Ah, salaam, and good evening to you, worthy friend.
1992’s “Aladdin” recently turned 30 on Nov. 25, and the work of voice actors such as Robin Williams, responsible for the previous greeting, remains as memorable as ever.
According to author Josh Spiegel at Slash Film, Howard Ashman originally pitched his idea to Disney in 1988, a “40-page treatment to turn the Middle Eastern fable into a 30s-style musical with the Genie envisioned as a Cab Calloway type.” Ashman died in 1991, prior to a rushed sequence of writing and rewriting for the film that kept its originally scheduled release date. Miraculously, with the help of Alan Menken’s composition, the film was a smash hit.
“‘Riff raff, street rat.’ I don’t buy that…” Did we find out there’s so much more to Prince Ali? Aladdin (Scott Weinger) is an evident himbo, with very few thoughts behind those eyes. Save some affection for Jasmine (Linda Larkin) and compassion for his band of companions: Abu (Frank Welker), Carpet, and Genie (Robin Williams). Conversely, Jasmine emits a feisty, eye-roll energy of a woman continually underestimated, though still possessing a soft side. The dynamics between Aladdin and Jasmine are not uncommon throughout the Disneyverse: more examples include Hercules and Megara, Simba and Nala, and Linguini and Colette. Each of these relationships is rewarded for honesty and vulnerability, despite most of the male counterparts’ stubborn pursuit of masculinity.
“Aladdin” stands out among its Disney princess sibling films for a number of reasons. Namely, its headlining name. Its predecessors center on the princess herself, with titles such as “Snow White and the Seven Dwarfs,” “Cinderella,” and “Sleeping Beauty.” Surprisingly, these older features pass the Bechdel test, while “Aladdin” fails. However, the Bechdel test does not holistically categorize whether a film shows women as dynamic characters throughout, as evidenced by Aurora only speaking eighteen lines in a film named after her.
“Aladdin” presents a dispute of ownership over Jasmine among three of the film’s male leads: Aladdin, the sultan (Douglas Seale), and Jafar (Jonathan Freeman). Each man makes manipulative efforts in their pursuit of her entrapment. Jasmine iconically sees through their greed and idiocy, focusing on searching for her own happiness and safety. “How dare you. All of you! Standing around deciding my future? I am not a prize to be won.” Jasmine is one of the first examples my generation saw of a woman aware of her sex appeal, and even harnessing her feminine wiles tactfully. In one of the final scenes of the film, Jasmine seduces Jafar in order to distract him as Aladdin attempts a sneak attack. Whether this is an appropriate message for children could be debated, but Jasmine certainly gets points for keeping one jump ahead at all times, and also for undoubtedly being the biggest fashionista in Agrabah.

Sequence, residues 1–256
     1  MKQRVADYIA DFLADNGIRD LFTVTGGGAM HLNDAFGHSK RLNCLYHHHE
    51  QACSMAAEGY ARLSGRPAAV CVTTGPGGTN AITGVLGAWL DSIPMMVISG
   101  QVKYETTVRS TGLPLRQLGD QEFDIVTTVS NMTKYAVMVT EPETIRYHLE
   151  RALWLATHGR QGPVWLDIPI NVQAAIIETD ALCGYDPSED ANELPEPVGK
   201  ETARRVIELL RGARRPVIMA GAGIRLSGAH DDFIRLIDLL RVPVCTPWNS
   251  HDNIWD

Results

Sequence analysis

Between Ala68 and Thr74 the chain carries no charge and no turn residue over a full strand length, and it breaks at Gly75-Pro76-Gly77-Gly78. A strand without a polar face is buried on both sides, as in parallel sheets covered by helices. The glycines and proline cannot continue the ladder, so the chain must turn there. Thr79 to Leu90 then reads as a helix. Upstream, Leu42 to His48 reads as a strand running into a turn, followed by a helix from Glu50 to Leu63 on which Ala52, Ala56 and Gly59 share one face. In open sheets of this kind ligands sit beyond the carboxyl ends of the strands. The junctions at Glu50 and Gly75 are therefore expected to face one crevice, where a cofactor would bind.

I would be remiss not to acknowledge the racial insensitivity “Aladdin” undertook in the hiring of both cast and crew. The majority of the voice actors for this Middle Eastern story are white. Disney has been quick to remedy this error in its more recent live action adaptations, likely due to anticipated public backlash.
Though critical analysis can be offered to this classic, its fame is not unearned. I can’t help but feel sweeping emotions of thrill and inspiration throughout “A Whole New World.” Each musical number has received such fame and reverence, deservedly so, as numbers such as this earned “Aladdin” the Academy Awards of Best Original Score and Best Original Song. Tumultuous laughter escapes my lips at the quick cleverness of Robin Williams in his portrayal of the genie. The sheer quotability of his comedy alone leaves the film with high merit. I could attempt to reference his best lines via writing, but they would lack the intonation Williams offers that seals their hilarity.
The animators breathe life into objects and humans alike in an elevated fashion consistent with Disney’s high caliber of cinema. Mere facial expressions jump off the screen in their rapid movements and subtleties. Disney has since shifted to creating predominantly three-dimensional animation, so a certain nostalgic energy comes with watching “Aladdin” or its predecessors.
By the end of the film, Aladdin learns that honesty and humility will get him further than princehood ever will. Jasmine is free to marry whomever she chooses. Genie is liberated. And lastly, viewers of this masterpiece walk away with smiles, in addition to the rhythmic melodies of Ali Ababwa populating their minds. So, to quote “Arabian Nights,” this mystical land of magic and sand does in fact appear to be more than it seems.
“Aladdin” is available to stream on Disney Plus.
By Risa Bolash